This social security action was submitted to the court without oral argument for ruling on plaintiff's amended motion for summary judgment and defendant's cross-motion for summary judgment. For the reasons explained below, the court will affirm the decision of the Commissioner of Social Security (Commissioner).
Plaintiff applied for Supplemental Security Income (SSI) under Title XVI on January 27, 2004.*fn1 The record does not include a copy of plaintiff's application, but it appears that plaintiff alleged disability beginning January 27, 2003, based on back pain, muscle spasms, sleep disorder, and depression. (Transcript (Tr.) at 13, 19-20, 26, 48.) The application was denied initially on August 6, 2004 and upon reconsideration on July 29, 2005. (Tr. at 19-20, 24.) Pursuant to a timely request made by plaintiff's counsel, a hearing was held before an administrative law judge (ALJ) on August 9, 2006. (Tr. at 13, 32, 230-53 ). Plaintiff testified at the hearing, as did a vocational expert. (Tr. at 234-51, 251-52.)
In a decision dated October 20, 2006, the ALJ entered the following findings:
1. The claimant has not engaged in substantial gainful activity since January 27, 2003, the alleged onset date (20 CFR 416.920(b) and 416.971 et seq.).
2. The claimant has the following severe impairment: osteoarthritis (20 CFR 416.920(c)).
3. The claimant does not have an impairment or combination of impairments that meets or medically equals one of the listed impairments in 20 CFR Part 404, Subpart P, Appendix 1 (20 CFR 416.920(d), 416.925 and 416.926).
4. After careful consideration of the entire record, the undersigned finds that the claimant has the residual functional capacity to sit for six hours, stand for six hours, and walk for six hours. Additionally, the claimant is able to lift 50 pounds occasionally and 25 pounds frequently.
5. The claimant has no past relevant work (20 CFR 416.965). 6. The claimant was born on March 3, 1956 and was 47 years old on the date the application was filed, which is defined as a younger individual age 45-49 (20 CFR 416.963).
7. The claimant has a limited education and is able to communicate in English (20 CFR 416.964).
8. Transferability of job skills is not an issue because the claimant does not have past relevant work (20 CFR 416.968).
9. Considering the claimant's age, education, work experience, and residual functional capacity, there are jobs that exist in significant numbers in the national economy that the claimant can perform (20 CFR 416.960(c) and 416.966).
10. The claimant has not been under a "disability," as defined in the Social Security Act, since January 27, 2004 (20 CFR 416.920(g)), the date the application was filed.
On March 5, 2007, the Appeals Council denied plaintiff's request for administrative review of the ALJ's decision. (Tr. at 5-9.) Plaintiff sought judicial review pursuant to 42 U.S.C. § 405(g) by filing the complaint in this action on March 20, 2007.
The Commissioner's decision that a claimant is not disabled will be upheld if the findings of fact are supported by substantial evidence in the record as a whole and the proper legal standards were applied. Schneider v. Comm'r of the Soc. Sec. Admin., 223 F.3d 968, 973 (9th Cir. 2000); Morgan v. Comm'r of the Soc. Sec. Admin., 169 F.3d 595, 599 (9th Cir. 1999). The findings of the Commissioner as to any fact, if supported by substantial evidence, are conclusive. Miller v. Heckler, 770 F.2d 845, 847 (9th Cir. 1985). Substantial evidence is such relevant evidence as a reasonable mind might accept as adequate to support a conclusion. Osenbrock v. Apfel, 240 F.3d 1157, 1162 (9th Cir. 2001) (citing Morgan, 169 F.3d at 599); Jones v. Heckler, 760 F.2d 993, 995 (9th Cir. 1985) (citing Richardson v. Perales, 402 U.S. 389, 401 (1971)).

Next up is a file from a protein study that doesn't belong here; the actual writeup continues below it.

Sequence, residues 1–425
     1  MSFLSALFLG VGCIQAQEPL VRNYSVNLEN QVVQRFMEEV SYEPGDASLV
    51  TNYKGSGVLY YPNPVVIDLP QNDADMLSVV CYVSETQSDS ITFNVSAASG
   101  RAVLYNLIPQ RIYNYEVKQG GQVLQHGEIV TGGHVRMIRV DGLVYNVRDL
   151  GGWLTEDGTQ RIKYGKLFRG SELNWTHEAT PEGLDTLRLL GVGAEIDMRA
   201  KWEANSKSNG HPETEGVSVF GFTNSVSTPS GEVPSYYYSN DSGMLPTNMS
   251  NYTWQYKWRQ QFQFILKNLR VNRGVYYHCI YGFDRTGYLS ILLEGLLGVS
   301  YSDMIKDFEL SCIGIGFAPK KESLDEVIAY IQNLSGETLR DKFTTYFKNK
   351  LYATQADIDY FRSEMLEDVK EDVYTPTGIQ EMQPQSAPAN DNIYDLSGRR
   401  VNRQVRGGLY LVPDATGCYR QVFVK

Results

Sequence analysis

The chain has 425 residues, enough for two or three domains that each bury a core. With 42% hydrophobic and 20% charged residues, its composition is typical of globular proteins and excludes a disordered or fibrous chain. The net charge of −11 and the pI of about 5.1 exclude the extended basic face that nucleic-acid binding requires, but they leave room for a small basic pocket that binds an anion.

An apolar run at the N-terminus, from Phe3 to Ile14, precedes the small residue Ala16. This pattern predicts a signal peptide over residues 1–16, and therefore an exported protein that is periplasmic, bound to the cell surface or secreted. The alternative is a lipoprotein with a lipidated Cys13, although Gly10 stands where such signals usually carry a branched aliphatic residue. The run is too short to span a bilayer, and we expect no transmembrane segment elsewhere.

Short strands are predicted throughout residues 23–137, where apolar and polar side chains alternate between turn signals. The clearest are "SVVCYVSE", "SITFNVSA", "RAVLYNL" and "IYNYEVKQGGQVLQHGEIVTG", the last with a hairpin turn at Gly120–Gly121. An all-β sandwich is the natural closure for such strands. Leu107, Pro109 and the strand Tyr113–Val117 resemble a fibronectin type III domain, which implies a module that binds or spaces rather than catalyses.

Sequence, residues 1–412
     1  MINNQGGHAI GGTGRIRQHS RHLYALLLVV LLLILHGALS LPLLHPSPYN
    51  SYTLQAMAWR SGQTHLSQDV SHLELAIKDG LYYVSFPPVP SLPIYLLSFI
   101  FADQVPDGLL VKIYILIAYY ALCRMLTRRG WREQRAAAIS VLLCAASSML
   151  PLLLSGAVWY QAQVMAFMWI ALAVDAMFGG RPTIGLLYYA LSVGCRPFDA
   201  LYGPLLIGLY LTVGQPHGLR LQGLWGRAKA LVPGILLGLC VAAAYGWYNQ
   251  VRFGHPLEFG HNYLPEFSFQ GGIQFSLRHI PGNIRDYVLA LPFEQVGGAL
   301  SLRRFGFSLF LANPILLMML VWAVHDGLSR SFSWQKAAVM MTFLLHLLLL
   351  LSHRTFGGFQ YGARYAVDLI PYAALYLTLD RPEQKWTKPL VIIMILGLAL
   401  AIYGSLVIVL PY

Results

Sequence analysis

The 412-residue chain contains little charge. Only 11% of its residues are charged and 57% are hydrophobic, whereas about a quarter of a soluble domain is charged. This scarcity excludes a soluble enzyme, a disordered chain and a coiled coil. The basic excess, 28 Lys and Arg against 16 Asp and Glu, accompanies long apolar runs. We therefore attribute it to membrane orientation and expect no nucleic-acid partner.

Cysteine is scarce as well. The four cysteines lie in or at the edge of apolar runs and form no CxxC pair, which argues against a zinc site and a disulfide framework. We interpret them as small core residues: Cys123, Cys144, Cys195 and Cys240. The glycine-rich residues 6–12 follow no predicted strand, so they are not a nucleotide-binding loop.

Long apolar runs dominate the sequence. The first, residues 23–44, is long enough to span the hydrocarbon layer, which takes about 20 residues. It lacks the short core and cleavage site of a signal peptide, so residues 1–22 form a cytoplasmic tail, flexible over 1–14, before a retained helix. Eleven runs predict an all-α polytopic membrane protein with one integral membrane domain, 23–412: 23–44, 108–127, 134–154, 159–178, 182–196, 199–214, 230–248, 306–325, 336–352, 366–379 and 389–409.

A reviewing court must consider the record as a whole, weighing both the evidence that supports and the evidence that detracts from the ALJ's conclusion. Jones, 760 F.2d at 995. The court may not affirm the ALJ's decision simply by isolating a specific quantum of supporting evidence. Id.; see also Hammock v. Bowen, 879 F.2d 498, 501 (9th Cir. 1989). If substantial evidence supports the administrative findings, or if there is conflicting evidence supporting a finding of either disability or non-disability, the finding of the ALJ is conclusive, Sprague v. Bowen, 812 F.2d 1226, 1229-30 (9th Cir. 1987), and may be set aside only if an improper legal standard was applied in weighing the evidence, Burkhart v. Bowen, 856 F.2d 1335, 1338 (9th Cir. 1988).
In determining whether or not a claimant is disabled, the ALJ should apply the five-step sequential evaluation process established under Title 20 of the Code of Federal Regulations, Sections 404.1520 and 416.920. Bowen v. Yuckert, 482 U.S. 137, 140-42 (1987). The five-step process has been summarized in the Ninth Circuit as follows:
Step one: Is the claimant engaging in substantial gainful activity? If so, the claimant is found not disabled. If not, proceed to step two.
Step two: Does the claimant have a "severe" impairment? If so, proceed to step three. If not, then a finding of not disabled is appropriate.
Step three: Does the claimant's impairment or combination of impairments meet or equal an impairment listed in 20 C.F.R., Pt. 404, Subpt. P, App. 1? If so, the claimant is automatically determined disabled. If not, proceed to step four.
Step four: Is the claimant capable of performing his past work? If so, the claimant is not disabled. If not, proceed to step five.
Step five: Does the claimant have the residual functional capacity to perform any other work? If so, the claimant is not disabled. If not, the claimant is disabled.
Lester v. Chater, 81 F.3d 821, 828 n.5 (9th Cir. 1995).
The claimant bears the burden of proof in the first four steps of the sequential evaluation process. Yuckert, 482 U.S. at 146 n.5. The Commissioner bears the burden if the sequential evaluation process proceeds to step five. ...